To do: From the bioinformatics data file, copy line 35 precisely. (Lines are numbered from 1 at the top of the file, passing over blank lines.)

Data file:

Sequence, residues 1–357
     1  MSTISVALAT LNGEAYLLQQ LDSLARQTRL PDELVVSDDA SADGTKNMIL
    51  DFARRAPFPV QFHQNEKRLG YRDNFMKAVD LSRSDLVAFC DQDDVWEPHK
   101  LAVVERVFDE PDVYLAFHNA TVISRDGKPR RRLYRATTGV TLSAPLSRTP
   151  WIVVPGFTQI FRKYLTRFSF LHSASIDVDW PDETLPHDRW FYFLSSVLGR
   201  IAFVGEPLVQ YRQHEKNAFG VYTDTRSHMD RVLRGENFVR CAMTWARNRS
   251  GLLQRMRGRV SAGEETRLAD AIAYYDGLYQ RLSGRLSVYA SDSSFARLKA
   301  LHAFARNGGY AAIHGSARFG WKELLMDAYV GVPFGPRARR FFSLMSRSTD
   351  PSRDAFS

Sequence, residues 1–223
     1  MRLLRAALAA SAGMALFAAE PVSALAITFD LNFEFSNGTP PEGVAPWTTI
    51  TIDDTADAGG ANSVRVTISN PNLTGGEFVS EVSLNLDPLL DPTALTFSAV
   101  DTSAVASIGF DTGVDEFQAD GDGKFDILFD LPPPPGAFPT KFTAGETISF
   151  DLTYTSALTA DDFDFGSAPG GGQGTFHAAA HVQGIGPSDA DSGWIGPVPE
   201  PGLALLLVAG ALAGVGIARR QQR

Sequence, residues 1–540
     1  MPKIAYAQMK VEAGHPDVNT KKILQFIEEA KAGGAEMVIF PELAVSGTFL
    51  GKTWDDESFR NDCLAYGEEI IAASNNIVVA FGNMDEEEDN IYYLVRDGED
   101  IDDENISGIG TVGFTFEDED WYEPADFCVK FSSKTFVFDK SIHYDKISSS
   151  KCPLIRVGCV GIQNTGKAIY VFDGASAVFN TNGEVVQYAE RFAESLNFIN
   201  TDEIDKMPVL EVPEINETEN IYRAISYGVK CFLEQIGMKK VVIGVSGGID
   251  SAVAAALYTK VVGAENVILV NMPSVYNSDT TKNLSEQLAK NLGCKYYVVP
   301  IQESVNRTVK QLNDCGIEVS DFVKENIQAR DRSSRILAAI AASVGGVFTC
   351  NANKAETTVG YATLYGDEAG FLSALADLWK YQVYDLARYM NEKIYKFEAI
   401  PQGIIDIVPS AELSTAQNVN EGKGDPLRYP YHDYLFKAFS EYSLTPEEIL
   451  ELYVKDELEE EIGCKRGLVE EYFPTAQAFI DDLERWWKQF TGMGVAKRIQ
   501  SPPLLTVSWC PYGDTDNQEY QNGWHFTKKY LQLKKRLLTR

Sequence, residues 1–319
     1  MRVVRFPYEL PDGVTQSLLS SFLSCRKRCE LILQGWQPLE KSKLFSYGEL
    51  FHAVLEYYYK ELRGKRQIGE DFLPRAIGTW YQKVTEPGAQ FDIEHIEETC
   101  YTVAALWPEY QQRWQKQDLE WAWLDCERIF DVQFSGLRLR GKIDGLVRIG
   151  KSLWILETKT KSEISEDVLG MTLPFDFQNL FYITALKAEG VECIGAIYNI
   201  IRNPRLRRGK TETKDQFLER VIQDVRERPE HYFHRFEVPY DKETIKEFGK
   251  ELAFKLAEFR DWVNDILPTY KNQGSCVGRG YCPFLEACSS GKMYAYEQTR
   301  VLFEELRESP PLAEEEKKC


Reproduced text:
   301  VLFEELRESP PLAEEEKKC